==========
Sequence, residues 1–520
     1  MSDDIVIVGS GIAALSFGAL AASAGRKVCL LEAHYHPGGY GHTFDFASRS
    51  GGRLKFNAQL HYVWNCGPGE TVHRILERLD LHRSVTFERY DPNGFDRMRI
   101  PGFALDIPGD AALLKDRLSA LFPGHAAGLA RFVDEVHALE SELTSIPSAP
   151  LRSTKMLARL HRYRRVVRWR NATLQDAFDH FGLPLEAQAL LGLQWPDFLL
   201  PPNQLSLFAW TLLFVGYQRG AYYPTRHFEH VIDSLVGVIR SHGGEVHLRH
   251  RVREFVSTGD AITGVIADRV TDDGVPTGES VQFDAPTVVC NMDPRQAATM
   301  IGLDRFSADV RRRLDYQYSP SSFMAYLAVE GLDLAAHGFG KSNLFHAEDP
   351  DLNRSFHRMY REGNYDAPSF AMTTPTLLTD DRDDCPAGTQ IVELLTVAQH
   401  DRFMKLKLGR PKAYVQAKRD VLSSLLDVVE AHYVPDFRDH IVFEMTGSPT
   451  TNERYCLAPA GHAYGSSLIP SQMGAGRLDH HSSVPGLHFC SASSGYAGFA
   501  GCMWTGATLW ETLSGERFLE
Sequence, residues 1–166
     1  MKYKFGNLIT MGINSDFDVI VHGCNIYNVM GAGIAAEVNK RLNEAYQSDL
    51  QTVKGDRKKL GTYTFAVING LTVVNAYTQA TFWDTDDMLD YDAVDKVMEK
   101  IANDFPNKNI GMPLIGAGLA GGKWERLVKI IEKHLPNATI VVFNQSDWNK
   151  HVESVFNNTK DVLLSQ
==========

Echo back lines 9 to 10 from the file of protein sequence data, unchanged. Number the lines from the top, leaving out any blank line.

   351  DLNRSFHRMY REGNYDAPSF AMTTPTLLTD DRDDCPAGTQ IVELLTVAQH
   401  DRFMKLKLGR PKAYVQAKRD VLSSLLDVVE AHYVPDFRDH IVFEMTGSPT